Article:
Cape Town sprawls beneath the majestic Table Mountain in the heart of the mega-diverse Cape Floral Kingdom. With 3.74 million inhabitants, it is South Africa’s second most populous city. Despite the obvious ecological stressors resulting from the city’s high metabolism and rapid expansion (ca. 1.4% per year), a spectacular richness of biodiversity survives within and around the city limits.
Early European settlers of the Cape quickly denuded the region’s small patches of native forest. To compensate for this loss, they undertook several waves of planting, primarily for timber, fruit and shade but also for aesthetic beauty and defence (see tree No. 11 below). Consequently, many of the heritage trees found in Cape Town today have been introduced, typically from Europe or other distant parts of the world with historical trade links to the Cape. Yet even non-native trees can be valuable, especially in terms of ‘cultural ecosystem services’.
This article is a sequel to an earlier installment, entitled, Trees as Starting Points for Journeys of Learning about Local History, published on 1 September 2013. In that article, I explored the historical, cultural and spiritual dimensions of a selection of remarkable trees found in the vicinity of Cape Town, South Africa. I suggested that such trees have distinctive personalities, reflected in the various anecdotes that we attach to them; that they shed light on the cultural value systems and economic priorities of bygone generations; and that they provide excellent starting points for journeys of learning about a city, journeys that have no fixed route or endpoint.
I argue that such trees deserve greater recognition and protection for their part in enriching the urban landscape.
Here follows a selection of additional Capetonian Heritage Trees
9. Van Riebeeck’s Hedge
Africa is the cradle of humankind. There is evidence of modern humans living 130,000 years ago in the Western Cape and at least 30,000 years ago in what is now Cape Town. Comparatively recently, in the late 1400s, European explorers began foraying into the Cape coming face to face with the region’s indigenous people: interconnected communities of San (hunter-gatherers) and Khoikhoi (nomadic pastoralists), collectively known as Khoisan. Each summer, the Khoikhoi would bring herds of cattle across the Cape Flats to graze on the slopes of Table Mountain. Delighted to find a reliable supply of fresh meat, the Europeans quickly established trade with the Khoikhoi, exchanging metal for livestock. The first transaction is recorded to have taken place in December, 1497, in Mossel Bay.
In 1652, when Jan van Riebeeck of the Dutch East India Company (VOC) arrived at the Cape with orders to establish a victualing station, relations with the Khoisan took a turn for the worse. Essentially nomads without a written culture or bureaucratic governance system, the Khoisan did not have written title deeds. Accordingly, van Riebeeck contrived to deny the Khoisan their traditional land rights, provoking a revolt and ultimately bringing an end to a long period of reasonably friendly association (with some notable exceptions e.g. see No. 1, in Trees as Starting Points for Journeys of Learning about Local History). Cattle theft and bloody skirmishes became increasingly common. In 1660 Van Riebeeck ordered new defences to be built, including the planting of a Wild Almond (Brabejum stellatifolium) hedge around the perimeter of the settlement, encompassing an area of about 6 miles by two.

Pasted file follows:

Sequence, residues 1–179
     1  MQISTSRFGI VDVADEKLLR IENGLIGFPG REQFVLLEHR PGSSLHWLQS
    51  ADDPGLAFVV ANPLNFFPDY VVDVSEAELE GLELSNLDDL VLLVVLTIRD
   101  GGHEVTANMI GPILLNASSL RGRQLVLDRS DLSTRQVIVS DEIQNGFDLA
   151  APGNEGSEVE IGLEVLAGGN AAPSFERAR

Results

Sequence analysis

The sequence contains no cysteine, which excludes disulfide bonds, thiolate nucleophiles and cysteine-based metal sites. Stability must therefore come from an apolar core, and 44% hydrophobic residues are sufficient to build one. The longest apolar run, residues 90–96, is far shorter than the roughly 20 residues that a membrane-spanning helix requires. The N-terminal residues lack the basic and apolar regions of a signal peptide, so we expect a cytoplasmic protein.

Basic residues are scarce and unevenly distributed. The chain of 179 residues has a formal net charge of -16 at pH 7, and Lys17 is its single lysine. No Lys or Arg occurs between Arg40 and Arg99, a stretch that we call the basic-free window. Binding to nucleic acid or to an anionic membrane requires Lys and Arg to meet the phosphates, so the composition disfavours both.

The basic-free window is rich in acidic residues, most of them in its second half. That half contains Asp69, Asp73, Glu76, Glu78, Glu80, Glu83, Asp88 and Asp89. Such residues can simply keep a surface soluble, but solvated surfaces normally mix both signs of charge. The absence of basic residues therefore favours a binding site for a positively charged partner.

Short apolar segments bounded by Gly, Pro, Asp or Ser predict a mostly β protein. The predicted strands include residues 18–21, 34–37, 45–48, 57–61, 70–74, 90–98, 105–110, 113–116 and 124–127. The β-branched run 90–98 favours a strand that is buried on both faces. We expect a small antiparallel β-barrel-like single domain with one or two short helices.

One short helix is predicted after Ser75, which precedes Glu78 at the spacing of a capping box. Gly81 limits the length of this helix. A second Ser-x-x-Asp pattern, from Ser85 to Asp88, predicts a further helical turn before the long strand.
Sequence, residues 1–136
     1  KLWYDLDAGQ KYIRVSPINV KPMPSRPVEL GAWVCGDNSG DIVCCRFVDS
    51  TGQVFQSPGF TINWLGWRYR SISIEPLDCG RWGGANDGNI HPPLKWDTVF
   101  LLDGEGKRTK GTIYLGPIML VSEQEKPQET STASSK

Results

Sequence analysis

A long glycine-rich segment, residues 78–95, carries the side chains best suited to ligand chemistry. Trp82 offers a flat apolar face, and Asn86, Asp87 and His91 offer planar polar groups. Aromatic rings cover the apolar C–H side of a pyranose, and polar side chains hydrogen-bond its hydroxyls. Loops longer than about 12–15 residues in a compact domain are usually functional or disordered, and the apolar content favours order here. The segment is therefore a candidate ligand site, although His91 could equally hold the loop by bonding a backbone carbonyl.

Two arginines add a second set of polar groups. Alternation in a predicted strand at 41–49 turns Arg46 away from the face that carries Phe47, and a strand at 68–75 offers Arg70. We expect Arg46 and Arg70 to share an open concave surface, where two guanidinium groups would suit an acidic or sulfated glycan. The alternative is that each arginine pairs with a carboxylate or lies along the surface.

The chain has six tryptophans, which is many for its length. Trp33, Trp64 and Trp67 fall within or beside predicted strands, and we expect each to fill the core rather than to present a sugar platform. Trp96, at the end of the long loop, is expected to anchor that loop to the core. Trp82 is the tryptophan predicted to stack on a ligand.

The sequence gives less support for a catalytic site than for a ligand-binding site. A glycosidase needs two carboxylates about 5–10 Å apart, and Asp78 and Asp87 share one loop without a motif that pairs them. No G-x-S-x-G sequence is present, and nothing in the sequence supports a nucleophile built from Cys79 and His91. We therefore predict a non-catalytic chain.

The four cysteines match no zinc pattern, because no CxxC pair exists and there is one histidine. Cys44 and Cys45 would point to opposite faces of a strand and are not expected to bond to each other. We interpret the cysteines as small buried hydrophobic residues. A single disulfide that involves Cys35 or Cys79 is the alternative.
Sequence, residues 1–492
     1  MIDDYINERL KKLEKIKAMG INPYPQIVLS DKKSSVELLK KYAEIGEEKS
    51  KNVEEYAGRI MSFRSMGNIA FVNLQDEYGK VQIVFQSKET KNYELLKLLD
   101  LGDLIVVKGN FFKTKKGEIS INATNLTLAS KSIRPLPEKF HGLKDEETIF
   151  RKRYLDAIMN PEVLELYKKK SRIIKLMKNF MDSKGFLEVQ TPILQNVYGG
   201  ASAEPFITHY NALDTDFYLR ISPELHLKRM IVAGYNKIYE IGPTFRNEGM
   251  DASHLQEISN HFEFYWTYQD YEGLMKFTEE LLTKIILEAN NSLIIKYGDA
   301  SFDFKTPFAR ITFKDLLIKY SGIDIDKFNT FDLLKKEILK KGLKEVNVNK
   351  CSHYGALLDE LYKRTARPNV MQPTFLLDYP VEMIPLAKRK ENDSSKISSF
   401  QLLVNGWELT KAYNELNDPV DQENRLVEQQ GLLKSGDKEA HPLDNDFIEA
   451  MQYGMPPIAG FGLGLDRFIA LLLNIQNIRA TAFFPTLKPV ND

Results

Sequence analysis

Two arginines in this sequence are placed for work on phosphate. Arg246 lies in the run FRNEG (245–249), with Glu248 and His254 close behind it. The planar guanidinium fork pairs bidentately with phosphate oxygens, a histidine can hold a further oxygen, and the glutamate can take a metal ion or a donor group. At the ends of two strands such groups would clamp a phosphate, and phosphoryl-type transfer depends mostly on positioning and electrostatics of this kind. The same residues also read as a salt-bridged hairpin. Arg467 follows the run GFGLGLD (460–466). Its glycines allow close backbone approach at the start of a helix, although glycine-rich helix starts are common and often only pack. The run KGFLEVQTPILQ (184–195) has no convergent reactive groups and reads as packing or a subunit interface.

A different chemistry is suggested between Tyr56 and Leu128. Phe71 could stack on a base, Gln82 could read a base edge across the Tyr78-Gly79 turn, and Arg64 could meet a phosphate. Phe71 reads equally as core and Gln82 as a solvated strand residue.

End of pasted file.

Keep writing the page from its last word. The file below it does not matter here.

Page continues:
The Wild Almond is a member of the Protea family and closely related to the Australian Macademia Tree. It grows as much horizontally as it does vertically, posing an almost impassable barrier to cattle. Its wild fruits were harvested, specially prepared and eaten by the Khoisan. Today one can find remnants of Van Riebeeck’s Hedge on a leafy ridge in Kirstenbosch National Botanic Garden. There, a plaque reads:
For many, this hedge marks the first step on the road to Apartheid and symbolizes how white South Africa cut itself off from the rest of Africa, dispossessed the indigenous people and kept the best of the resources for itself. Our challenge in South Africa today is to dismantle the barriers erected in the past, share the resources equally and build a home for all.
10. The Namesake of the Palm Tree Mosque
A raucous collision of colour where old meets new, tourists meet pickpockets, businessmen meet prostitutes, and drunkards meet drug-dealers: Long Street — the ‘beating heart’ of Cape Town — is not a savoury place. Yet skirting this canyon of intemperance, tucked among the busy restaurants, clubs and stores are architectural gems of great antiquity including one of the city’s most enduring and historic spiritual spaces: the Palm Tree Mosque.
Also known as the Dadelboom Mosque, it is the second-oldest place of Muslim workshop and one of the oldest substantially unaltered buildings in Cape Town (constructed c. 1780; second story added c. 1820).
Two tall palm trees (species unidentified) once towered above a small garden in front of the mosque. The garden is now pavement and only one of the original trees remains; the other fell victim to the fierce ‘south-easterly’ presumably in the early 1960s, as a framed photograph inside the mosque, suggests that a replacement tree was planted in 1965. Segments of the deceased tree’s trunk are seemingly used as stools inside the mosque.